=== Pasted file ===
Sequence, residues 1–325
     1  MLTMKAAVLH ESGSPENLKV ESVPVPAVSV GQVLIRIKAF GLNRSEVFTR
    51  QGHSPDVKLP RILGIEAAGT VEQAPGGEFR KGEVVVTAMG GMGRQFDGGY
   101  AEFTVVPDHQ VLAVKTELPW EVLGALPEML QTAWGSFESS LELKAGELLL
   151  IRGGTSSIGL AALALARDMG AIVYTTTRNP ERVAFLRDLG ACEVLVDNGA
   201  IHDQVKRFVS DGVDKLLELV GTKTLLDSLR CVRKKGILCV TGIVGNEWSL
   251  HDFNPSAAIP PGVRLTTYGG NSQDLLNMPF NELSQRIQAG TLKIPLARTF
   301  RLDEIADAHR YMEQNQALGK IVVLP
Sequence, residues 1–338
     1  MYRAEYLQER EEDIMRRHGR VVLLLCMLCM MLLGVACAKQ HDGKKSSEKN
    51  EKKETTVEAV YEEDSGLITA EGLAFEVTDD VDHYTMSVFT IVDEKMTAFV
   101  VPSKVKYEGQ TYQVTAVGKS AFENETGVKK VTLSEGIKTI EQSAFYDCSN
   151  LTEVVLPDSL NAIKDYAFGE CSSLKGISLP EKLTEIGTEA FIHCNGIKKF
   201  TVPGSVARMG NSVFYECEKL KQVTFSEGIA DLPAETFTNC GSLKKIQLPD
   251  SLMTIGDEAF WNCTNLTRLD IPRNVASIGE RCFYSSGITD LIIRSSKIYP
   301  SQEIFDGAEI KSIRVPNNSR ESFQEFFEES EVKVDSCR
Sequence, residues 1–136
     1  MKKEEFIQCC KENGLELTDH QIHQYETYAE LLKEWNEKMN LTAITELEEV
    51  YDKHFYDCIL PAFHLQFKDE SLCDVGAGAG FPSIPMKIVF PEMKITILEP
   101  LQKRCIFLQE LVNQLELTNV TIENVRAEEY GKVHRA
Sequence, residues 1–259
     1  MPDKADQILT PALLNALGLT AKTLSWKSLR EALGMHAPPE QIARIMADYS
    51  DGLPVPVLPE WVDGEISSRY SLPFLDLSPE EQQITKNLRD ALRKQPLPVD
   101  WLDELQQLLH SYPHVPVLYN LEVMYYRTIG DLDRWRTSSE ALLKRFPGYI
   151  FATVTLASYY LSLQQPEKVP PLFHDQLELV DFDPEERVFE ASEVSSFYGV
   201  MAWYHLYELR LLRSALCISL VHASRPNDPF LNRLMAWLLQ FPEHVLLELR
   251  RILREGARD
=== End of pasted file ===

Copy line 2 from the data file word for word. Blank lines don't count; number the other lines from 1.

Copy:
     1  MLTMKAAVLH ESGSPENLKV ESVPVPAVSV GQVLIRIKAF GLNRSEVFTR